It’s been more than two months since the inaugural round of Brazilian F4 in Velocitta, a weekend that saw a dominant performance from championship leader Pedro Clerot and his team Full Time Sports. F1 Feeder Series talks to Clerot and he shares his thoughts on the season development, his team and racing in Europe.
By Maria Clara Castro
Brazilian F4 debuted in May featuring a quite exciting weekend. With a tight qualifying, Lucas Staico was 0s089 faster than Pedro Clerot and took the first pole of the season. But is was the Full Time Sports driver who took the chequered flag twice that weekend, firstly on race 1 and again on race 3. Ricardo Gracia, also a Full Time Sports driver, was the race 2 winner.
The championship leader with 58 points, Clerot shared his thoughts on his performance:
“I was already training and getting myself ready for the season debut, but honestly the results took me aback. Leaving the Velocitta round with two wins and leading the championship was the best start I could ask for.”
Leaving the Velocitta round with two wins and leading the championship was the best start I could ask forPedro Clerot
“I took part in Italian F4 pre-season testing as well as in Imola and Misano rounds and obviously all this experience helped me tons to get the hang of the car, understand the tires and how I should manage them, etc. So, yes, the performance matched my expectations but at the same time lived up to them.”
Having won all of the three races, Full Time Sports was the team in the spotlight after the Velocitta round. According to Clerot, there’s no secret:
“There’s no secret, we have no trick up our sleeve. We work hard. The results were already positive in the first round and it was an outcome of good communication and commitment to deliver a solid result. The other teams are competitive as much as we are, therefore, we got to keep our heads in the game.”
Building a solid performance on race weekend
For the majority of the grid it’s their first time driving an open-wheel car and more specifically the Tatuus F4 T-021. Getting used to it may take a while, meaning there’s a high chance of mistakes being made and incidents happening as we saw on the first round, for instance, with Nelson Neto and Aurelia Nobels in race 1.
Building a solid performance and showing long-term consistency is the tricky point to the inexperienced drivers. With that in mind, Clerot shares some “to-dos” in-between F4 Brazil rounds and its race weekends.
“Something, I believe, is essential to all the drivers during the wait for the next round, definitely is practicing the start in order to not let the car stall. Without a good start, your race might be compromised.”
Due to the category format, qualifying needs to be the closest to perfectionPedro Clerot
“Plus, due to the category format, qualifying needs to be the closest to perfection. Since two of the three starting grids are defined by your fastest and second fastest laps on quali, we have got to be focused on getting two flying laps. Qualifying, for instance, P5/6 may sound like a positive result, but it means you’re not really upfront which makes it easy to get in unwanted and undeserved contact with other drivers,” explains Pedro.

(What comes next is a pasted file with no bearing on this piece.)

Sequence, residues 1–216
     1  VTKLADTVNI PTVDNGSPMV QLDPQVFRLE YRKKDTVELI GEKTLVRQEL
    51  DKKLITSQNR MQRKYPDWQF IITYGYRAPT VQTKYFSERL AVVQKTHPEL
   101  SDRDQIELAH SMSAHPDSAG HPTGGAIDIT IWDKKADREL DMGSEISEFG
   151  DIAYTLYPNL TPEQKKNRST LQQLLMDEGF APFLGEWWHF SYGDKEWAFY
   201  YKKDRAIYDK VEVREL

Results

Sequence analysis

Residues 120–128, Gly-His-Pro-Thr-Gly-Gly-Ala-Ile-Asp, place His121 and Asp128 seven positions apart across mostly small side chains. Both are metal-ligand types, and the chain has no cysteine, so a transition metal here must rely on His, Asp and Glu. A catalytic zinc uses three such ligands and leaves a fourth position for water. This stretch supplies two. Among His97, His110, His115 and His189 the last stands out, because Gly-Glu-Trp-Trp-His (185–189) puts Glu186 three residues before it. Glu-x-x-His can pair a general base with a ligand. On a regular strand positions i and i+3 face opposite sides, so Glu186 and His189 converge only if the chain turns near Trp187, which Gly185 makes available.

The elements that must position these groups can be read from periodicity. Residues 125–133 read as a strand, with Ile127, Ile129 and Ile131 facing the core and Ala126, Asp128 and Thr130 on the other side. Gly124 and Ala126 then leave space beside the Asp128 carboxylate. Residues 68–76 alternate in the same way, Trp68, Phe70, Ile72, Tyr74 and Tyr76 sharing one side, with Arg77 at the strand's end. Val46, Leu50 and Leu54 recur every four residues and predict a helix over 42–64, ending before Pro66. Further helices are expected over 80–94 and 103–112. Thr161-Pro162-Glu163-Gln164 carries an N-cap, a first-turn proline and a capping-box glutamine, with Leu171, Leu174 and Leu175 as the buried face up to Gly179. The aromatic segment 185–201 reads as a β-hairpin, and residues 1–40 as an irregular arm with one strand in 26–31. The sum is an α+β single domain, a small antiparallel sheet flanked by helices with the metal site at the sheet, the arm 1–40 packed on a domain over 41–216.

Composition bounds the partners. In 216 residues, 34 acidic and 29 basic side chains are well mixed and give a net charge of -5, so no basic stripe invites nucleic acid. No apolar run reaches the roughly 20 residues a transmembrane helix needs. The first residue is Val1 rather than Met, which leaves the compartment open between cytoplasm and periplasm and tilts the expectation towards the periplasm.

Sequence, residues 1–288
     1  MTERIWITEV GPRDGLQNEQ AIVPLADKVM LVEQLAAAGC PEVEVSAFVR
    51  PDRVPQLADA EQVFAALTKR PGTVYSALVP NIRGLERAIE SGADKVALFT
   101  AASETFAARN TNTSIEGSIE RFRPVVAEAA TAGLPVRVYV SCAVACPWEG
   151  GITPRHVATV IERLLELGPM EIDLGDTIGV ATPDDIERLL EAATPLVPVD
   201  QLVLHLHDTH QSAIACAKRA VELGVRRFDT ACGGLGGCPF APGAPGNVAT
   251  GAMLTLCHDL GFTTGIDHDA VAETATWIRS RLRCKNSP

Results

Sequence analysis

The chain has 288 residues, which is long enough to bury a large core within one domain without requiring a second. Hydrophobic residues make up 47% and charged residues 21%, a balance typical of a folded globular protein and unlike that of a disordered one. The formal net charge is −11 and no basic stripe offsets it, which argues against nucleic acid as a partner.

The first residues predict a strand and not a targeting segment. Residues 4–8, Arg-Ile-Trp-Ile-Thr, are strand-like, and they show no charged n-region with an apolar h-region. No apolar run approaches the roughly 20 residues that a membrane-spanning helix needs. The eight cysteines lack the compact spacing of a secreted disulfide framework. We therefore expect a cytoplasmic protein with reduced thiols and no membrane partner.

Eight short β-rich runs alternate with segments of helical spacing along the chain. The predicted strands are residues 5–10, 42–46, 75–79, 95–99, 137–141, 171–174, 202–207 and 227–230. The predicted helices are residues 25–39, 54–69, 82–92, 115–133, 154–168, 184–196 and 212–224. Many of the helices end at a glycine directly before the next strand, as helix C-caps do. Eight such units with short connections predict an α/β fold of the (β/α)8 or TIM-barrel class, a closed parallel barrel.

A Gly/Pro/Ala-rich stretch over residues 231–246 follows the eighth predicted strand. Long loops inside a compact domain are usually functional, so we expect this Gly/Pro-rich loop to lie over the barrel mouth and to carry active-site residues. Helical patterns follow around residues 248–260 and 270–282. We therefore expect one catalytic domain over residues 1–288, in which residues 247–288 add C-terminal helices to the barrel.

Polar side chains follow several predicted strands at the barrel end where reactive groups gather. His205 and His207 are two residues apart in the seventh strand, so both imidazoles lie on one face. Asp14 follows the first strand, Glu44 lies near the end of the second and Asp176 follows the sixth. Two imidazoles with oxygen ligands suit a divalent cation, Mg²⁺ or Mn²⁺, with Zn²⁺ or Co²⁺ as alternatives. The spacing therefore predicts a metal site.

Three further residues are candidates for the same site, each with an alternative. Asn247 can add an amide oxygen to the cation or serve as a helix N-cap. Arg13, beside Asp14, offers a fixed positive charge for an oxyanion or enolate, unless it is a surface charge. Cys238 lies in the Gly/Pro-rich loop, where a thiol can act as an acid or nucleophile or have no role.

The path towards F1
The dream, per say, the main dream is to reach Formula One. As it’s known, planning, having it all – or at least, most of it – calculated, delivering the results, building momentum and with some sparks of luck, the driver will make it.
With the Brazilian F4 debut questions have arisen regarding the path towards F1: ‘Where we shall locate the new category?’ ‘Is an F4 Brazil driver able to be competitive in Italian F4 or even go straight to Formula Regional or do they have to take part in each category in order to not miss any steps?’
For now, the answer is illustrated in Clerot’s response:
“Right now my focus is on the Brazilian F4 season. If I do my job, show great performance, hopefully I’ll attract sponsors and have enough budget to do the next Italian F4 season and then move to Formula Regional. No need to rush, though, we’ll take it step by step.”
Step by step. And the very first step is to learn the F4 car, the most basic open-wheel machinery.
If I do my job, show great performance, hopefully I’ll attract sponsors and have enough budget to do the next Italian F4 seasonPedro Clerot
“I had the chance to go to Italy and drive the Tatuus F4 T-021 there, I couldn’t ask for a better experience. Testing in Italy went better than I expected. I was with ProRacing Motorsport Academy and their whole crew – coaches, engineers, mechanics – helped me a lot. I showed a good evolution throughout the days, showed good pace, so they got me in touch with AKM Motorsport team owner Marco Antonelli.”
“My goal was to keep learning the F4 car, take myself into the very extreme so I could absorb as much as I could about the car and develop my technique. We thought taking part in an Italian F4 round would benefit me since I’d not only see the race weekend dynamic but also be part of it”
“The races went well, in my opinion, and as I’ve said, I was there to learn. What surprised me was Quali 2, which happened on a wet Imola, a condition I hadn’t experienced with the car until then and I managed to qualify on 4th. Massive. That made me smile the whole day.”
Brazilian F4 will be back on track July 29th – 31st for Round 2 at Interlagos. The drivers face a new challenge ahead since the track is quite different from Velocitta. The Brazilian motorsport temple is less abrasive and features long straights as well as various corners.
Will Clerot keep the lead? Will another team challenge Full Time Sports for the top spot? An exciting round of racing will unfold this weekend.
Header photo credit: Pedro Clerot
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